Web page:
As long as the risks are understood these different products all have their uses. If you are unsure, speak to some of the brokers, they will usually only be more than happy to help.
Chris Beauchamp, market analyst at IGG (IGG) offers some pointers on analysis approaches. ‘One of the key mistakes beginners make is to focus on the small picture and ignore the bigger one that is looming in the background. There are tools to help you focus on the bigger picture, with one of the key ones being the Commitment of Traders (COT) reports.
‘These are published each week and provide a useful overview of broader market sentiment on various commodities among the bigger players, are they positioned to profit from the market going up, or down? As a retail trader you would be well-advised to pay heed to the shifts in sentiment, knowing that these bigger players can help shape the market’s broader direction.
‘Also keep an eye out for all the economic data and supply reports that populate commodity markets. This is where the broader sentiment takes its cue, looking at the health of the global economy and its main players for clues as to likely shifts in demand and supply. Weather reports might be mundane, but when trading agricultural commodities these are important – heavy rains in Brazil, for example, can result in a major shift in sugar production.’
Michael Hewson, chief market analyst at CFD and spread betting business CMC Markets, paints the picture for a couple of popular metal commodities, and offers a potential trading idea. ‘One of the big mysteries of recent months has been the current underperformance of gold and silver prices despite concerns about geopolitical blowback from events in Ukraine, Syria, Iraq and now from concerns about the spread of Ebola. These falls in prices can in some part be put down to the belief that inflationary pressures globally continue to remain benign, thus reducing the appeal of an asset that has historically been used as an inflation hedge.
‘Currently the gold/silver ratio is trading at multi- year highs, that is gold is currently outperforming silver and is trading at a significant premium to its 200 week Moving Average. This would therefore suggest the underperformance in the silver price could start to correct the other way. Buying silver on its own has been a rather expensive process in recent months, akin to catching a falling knife, but traders can mitigate this by hedging a long position in silver with a short position in gold.’
The other popular commodity amongst individual traders is oil. Sakib Arain, crude oil trader at JNF Capital, a CFD broker, offers us an outlook. ‘With the market expecting the US to raise interest rates soon, the dollar has been extremely strong, this in turn has put pressure on crude oil. Moving forward, if the Saudis continue production at the current rate, the market will remain awash with oil, hence lower prices will be inevitable. It is rumoured that the US is supporting this action from the Saudis as a lower oil price will be detrimental for the Russian/ Iranian economies and for ISIS as oil remains their main source of revenue.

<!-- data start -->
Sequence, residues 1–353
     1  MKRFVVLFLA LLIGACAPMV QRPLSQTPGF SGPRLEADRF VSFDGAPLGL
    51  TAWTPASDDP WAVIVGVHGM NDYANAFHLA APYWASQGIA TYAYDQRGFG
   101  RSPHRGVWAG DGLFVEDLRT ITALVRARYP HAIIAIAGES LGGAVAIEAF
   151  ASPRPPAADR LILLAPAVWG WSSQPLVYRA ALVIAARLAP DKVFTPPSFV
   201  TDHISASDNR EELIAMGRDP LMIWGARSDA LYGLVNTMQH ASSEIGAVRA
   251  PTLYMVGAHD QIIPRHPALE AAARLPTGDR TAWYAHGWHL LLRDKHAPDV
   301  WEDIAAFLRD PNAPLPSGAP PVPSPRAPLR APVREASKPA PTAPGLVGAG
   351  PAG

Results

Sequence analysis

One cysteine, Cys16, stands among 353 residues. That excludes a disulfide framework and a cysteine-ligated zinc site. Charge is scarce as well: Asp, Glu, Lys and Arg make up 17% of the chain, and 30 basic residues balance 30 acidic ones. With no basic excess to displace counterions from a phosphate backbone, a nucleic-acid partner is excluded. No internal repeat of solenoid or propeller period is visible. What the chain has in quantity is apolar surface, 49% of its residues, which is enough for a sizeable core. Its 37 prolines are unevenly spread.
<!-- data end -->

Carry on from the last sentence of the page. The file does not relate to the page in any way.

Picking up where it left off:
‘From a technical perspective US crude oil is officially in a bear market, it has broken a six-year old trend line to the down side, and trading below a major institutional level of $91.21. As long as we remain below $91.21 we stay in this bear market.’
Nour Al Hammoury, chief market strategist at ADS Securities says ‘the Middle East is based on oil but current market conditions are causing real concerns.’ He adds: ‘Prices are tumbling, reserves are high and demand remains soft. Retail investors are leading a massive move into oil CFDs and, along with regional governments, they want to see prices back north of $100. But with the economy softening some industry experts are backing oil down to US$75, so a lot of traders may be disappointed.’
There is more than one way to trade energy and Julia Williams at Sucden sees some clients using other markets. ‘The slide in crude oil prices has been dramatic considering some were worried the Islamic State situation would disrupt oil supplies in the Middle-East and drive oil prices up. Traders who are looking to take advantage of the volatility in oil prices can trade a range of energy futures other than crude oil, such as gasoline and gasoil, across a range of time frames.’
While commodities can be a new area for many investors and even experienced traders, the wealth of markets, information and products out there make them another interesting asset class to watch for opportunities.